University exhumes Tennessee Williams’ first play

By Noah Lenstra

Soot-covered peasants emerge onto a hazily lit stage to a song lamenting the death of miners in an underground explosion “while the miners’ kids and wives wait at the gates,” as the song goes. So begins Tennessee Williams’ first play “Candles in the Sun,” which had its twenty-first century premeire at the Krannert Center for Performing Arts the weekends of Sept. 29 through Oct. 2 and Oct. 5 through Oct. 9.

The play tells the story of an Alabama family struggling and failing to transcend the virtual slavery of coal mines during the Great Depression.

Caroline Holmes, senior in FAA, who played Star Pilcher, said the story tells the struggle between “what is right for you and what is right for the community.” Holmes’ character, one of the strong women that would come to characterize Williams’ writing in plays such as “A Streetcar Named Desire,” falls in love with a labor leader who sacrifies himself, despite her tearful protests, so that a strike will endure.

The title “Candles in the Sun” “symbolizes each character in the play as a candle and the sun as representing group consciousness,” said adjunct professor and Williams scholar Allean Hale.

To translate the climate of labor unrest and union formentation to a contemporary audience raised in a more affluent situation, director and professor Tom Mitchell strove to recreate the atmosphere of community theatre, as the play was originally produced in 1937 by The Mummers in St. Louis.

“The Mummers were a group of amateur actors mounting challenging productions addressing contemporary issues … in a city electrically charged with union activity,” Mitchell said.

Following hurricane Katrina, Mitchell said, “our cast and crew experienced their own intersection of events after the exposition of the poor showed the impoverished working classes.”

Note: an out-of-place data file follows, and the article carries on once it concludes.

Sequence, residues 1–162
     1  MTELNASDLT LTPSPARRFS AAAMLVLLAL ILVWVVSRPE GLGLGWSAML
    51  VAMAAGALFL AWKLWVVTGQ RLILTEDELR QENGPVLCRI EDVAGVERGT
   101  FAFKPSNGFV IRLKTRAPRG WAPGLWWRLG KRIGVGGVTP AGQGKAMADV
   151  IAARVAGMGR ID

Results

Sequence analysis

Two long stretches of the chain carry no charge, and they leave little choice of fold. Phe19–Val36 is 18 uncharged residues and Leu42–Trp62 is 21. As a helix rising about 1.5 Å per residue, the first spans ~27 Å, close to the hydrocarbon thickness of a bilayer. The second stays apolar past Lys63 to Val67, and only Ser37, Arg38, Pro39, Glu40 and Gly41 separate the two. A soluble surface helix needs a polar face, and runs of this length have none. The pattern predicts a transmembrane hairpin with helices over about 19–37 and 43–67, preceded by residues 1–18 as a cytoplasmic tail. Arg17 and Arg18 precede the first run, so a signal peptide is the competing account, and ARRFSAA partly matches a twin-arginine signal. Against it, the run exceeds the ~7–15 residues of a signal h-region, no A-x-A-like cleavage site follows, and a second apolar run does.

In celebration of the production, the U of I Department of Theatre held special events on Oct. 6, 7 and 8 to illuminate the political manifestations of William’s early writing in 1930’s St. Louis.

Among the events, Christopher Bigsby, a Professor of American Studies at the University of East Anglia, United Kingdom, delivered a Millercom lecture Friday, Oct. 7, entitled “Tennessee Williams: Radical of the Heart.” To show that Williams was a radical, Bigsby pointed to a Williams’ quote in which the author said “We are all under wraps of one kind or another, trembling under the gaze of investigative committees.”

Williams, a homosexual with communist leanings, wrote, as Bigsby said, “to celebrate those that lived their lives on the tangent of a society on the make … full of frustrated desires, fear of death, and the absurdity of life that serves nothing but temporal needs.”

The theme of the play, that of people moving from an individual to a collective conscious, Bigsby saw not only in the plays of Williams, but also in the works of John Steinbeck, Arthur Miller and Ernest Hemingway, giving an artistic context for Williams’ work.

Nonetheless, as Hale pointed out, Williams was “not an analytic thinker, but a spontaneous creature.”

Williams’ plays are not famous for their politics, but for their representation of people’s internal lives who “embrace illusions as a necessary for survival,” Bigsby said.

This internal side of Williams’ life was explored in the reading of “Rise and Shine: Edwina Williams in Her Own Words and in the Works of Tennessee,” a compilation produced by graduate student Christina Dideriksen out of comments made by Williams’ mother.

In conjuntion with the performance of “Candles in the Sun,” the Department of Theatre also held a reading of “Ten Minute Shop,” a short story written by Williams in the 1930’s that takes place in a bus station in Champaign. The story shows that Williams, born in St. Louis, was as connected to the Midwest as he was to the South.

Also, actors from Urbana’s Station Theatre and the University came together Saturday, Oct. 8, to read through Williams’ second full-length play “Fugitive Kind,” a gangster story set in a St. Louis flophouse, to trace the development of Williams’ early, less known, writing career.

As Mitchell pointed out, “activism went out of style” after the 1930’s. He believes this, in part, led to the dismissal of Williams’ early plays, that deal with politics much more than his later, and much more famous, plays such as “A Streetcar Named Desire” and “The Glass Menagerie.”

“It seems entirely appropriate that the early plays of Tennessee Williams should be re-discovered by students of theatre here in Illinois. There is a natural connection between Williams’ early efforts and theirs,” Hale said.